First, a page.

8) “You would prefer a Spanish film praising the work of Pinochet, instead? Or the stupid dialogues of a second rate TV series?
Che Guevara did trully exist; he is part of history, and of this of Spanish speaking countries more particularly. So, studying his life is nothing extraordinary; it’s even a very good mean to get in touch with and understand the Latin American culture and history.
I do not understand your indignation… Or if I understand it, then I’m afraid of the future…”

9) “I don’t see what your problem is: is it to watch a film that would entail missing hours of hard and pure courses to your son? Or, is that all about the Che?
In the former case I do not find it choking because it may be part of the curriculum (if Latin America is part of the curriculum in grade 7, I don’t know), “motivate” some ones to listen to smthg, be part of a course’s project: of style, test of a sort in the aftermath in the aim to check whether they did listen to is an axis of discussion, etc, etc…
In the later case, the Che is a prominent personage and important for the history of the Latin America; so, that he is taken as main subject of a film shown in a classroom—if ever this film is not too fanciful… Then I say yes. It has a ‘civilizationist’ character.
Well, if ever he did spend his year watching movies then I understand your problem, but in the present case you failed to mention more than one…”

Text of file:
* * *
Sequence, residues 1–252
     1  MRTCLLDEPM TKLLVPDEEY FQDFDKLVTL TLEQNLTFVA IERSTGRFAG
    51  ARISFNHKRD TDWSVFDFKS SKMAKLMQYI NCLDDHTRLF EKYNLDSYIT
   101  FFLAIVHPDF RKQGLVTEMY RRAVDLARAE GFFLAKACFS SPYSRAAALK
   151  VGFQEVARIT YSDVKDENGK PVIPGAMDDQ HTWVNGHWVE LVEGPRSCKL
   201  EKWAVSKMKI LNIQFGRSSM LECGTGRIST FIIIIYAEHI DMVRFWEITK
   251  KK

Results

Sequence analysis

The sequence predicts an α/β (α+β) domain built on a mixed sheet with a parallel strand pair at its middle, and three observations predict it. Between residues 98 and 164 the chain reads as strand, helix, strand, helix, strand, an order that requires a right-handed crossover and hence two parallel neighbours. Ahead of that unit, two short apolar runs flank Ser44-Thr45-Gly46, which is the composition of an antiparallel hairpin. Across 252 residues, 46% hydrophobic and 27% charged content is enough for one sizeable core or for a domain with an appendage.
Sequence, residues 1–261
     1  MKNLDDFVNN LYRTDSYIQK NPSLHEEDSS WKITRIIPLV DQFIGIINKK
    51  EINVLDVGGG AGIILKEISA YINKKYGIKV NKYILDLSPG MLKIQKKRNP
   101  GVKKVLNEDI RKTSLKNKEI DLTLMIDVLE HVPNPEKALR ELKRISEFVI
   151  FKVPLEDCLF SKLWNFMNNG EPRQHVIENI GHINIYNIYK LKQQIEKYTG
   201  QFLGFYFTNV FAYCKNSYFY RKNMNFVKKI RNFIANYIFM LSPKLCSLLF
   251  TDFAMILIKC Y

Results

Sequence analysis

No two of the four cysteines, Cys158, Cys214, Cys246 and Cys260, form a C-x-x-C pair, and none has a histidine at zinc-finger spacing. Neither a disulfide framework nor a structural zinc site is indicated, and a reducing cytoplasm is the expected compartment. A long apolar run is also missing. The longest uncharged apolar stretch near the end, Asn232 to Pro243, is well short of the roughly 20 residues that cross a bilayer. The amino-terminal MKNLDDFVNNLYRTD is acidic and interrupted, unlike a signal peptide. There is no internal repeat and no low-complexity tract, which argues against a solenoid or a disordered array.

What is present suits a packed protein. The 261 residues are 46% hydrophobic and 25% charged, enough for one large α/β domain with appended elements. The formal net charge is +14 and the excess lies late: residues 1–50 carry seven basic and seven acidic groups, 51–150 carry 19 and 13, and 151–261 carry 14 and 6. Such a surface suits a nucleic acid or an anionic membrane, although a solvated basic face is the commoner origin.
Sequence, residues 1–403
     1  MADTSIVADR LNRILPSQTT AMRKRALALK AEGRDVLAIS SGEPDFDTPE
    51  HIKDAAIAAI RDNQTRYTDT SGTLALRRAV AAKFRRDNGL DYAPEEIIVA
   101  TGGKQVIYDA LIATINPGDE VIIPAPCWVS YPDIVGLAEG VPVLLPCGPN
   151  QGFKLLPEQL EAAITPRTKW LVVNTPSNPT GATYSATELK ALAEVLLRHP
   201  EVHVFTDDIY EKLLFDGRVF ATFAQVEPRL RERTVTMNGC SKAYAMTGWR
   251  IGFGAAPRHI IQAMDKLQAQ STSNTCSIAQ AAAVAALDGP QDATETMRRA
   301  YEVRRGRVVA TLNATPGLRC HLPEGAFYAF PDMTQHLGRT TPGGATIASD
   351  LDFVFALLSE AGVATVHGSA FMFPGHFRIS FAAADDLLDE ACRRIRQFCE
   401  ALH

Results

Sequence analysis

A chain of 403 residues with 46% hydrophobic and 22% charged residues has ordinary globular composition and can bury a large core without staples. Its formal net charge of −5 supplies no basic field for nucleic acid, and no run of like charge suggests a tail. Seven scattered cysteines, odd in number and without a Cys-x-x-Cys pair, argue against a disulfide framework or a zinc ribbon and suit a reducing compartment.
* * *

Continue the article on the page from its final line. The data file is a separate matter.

10) “Che Guevara is a historical personage of first rate importance in the Latino American realm. Also, his story is thrilling: it’s the best motivation to watch a foreign language speaking movie. And this was the goal; don’t you think so?
If ever this film is the excellent ‘el Che’ of Anibal Di Salvo, then it’s a romantic documentary, but without eulogy.
If ever ‘eulogy’ is the point that disturbs you, if ever you are afraid your son votes for the left in 2012, then I don’t think so that one film be enough.
But I can say that from now on to 2012 we will have a list of films conspicuously politicized and so unlawful.”

11) “It all part of the curriculum, but I’m sure your son has been so polluted that he has put a poster of the che in his bedroom and that he preaches revolucion for you!”

12) “Maybe the thus questioned film is The Motorcycle Diaries, which tells abouta trip in South America that Che Guevara did during his youth. It is often used by professors of Spanish language in public junior high schools and colleges, but also (hell, my colleagues who teach Spanish are Cuban agents!) in private education. Don’t worry, nothing of significant concern…
Yet I wonder: in which way this should be illegal? Because it is a bit about politics and you are afraid for your son? In this case we should also go over French language curriculums. We must forbide the study of the whole works of Zola, Germinal in particular, of a part of the works of Victor Hugo and of Les Misérables in particular, of the poets of the French Resistance, of Satre, ect. All leftist people… Perhaps should we also censor Beaudelaire for progaganda in favor of drug consumption, Rimbaud for incentive to run away and to debauchery, and even Moliere for eulogy of tobacco (cf. Dom Juan Act I, sc 1)…”

Che Guevara seems to collect more enthusiasm in France than in Venezuela, David!

Readers proficient in French can read the original version here: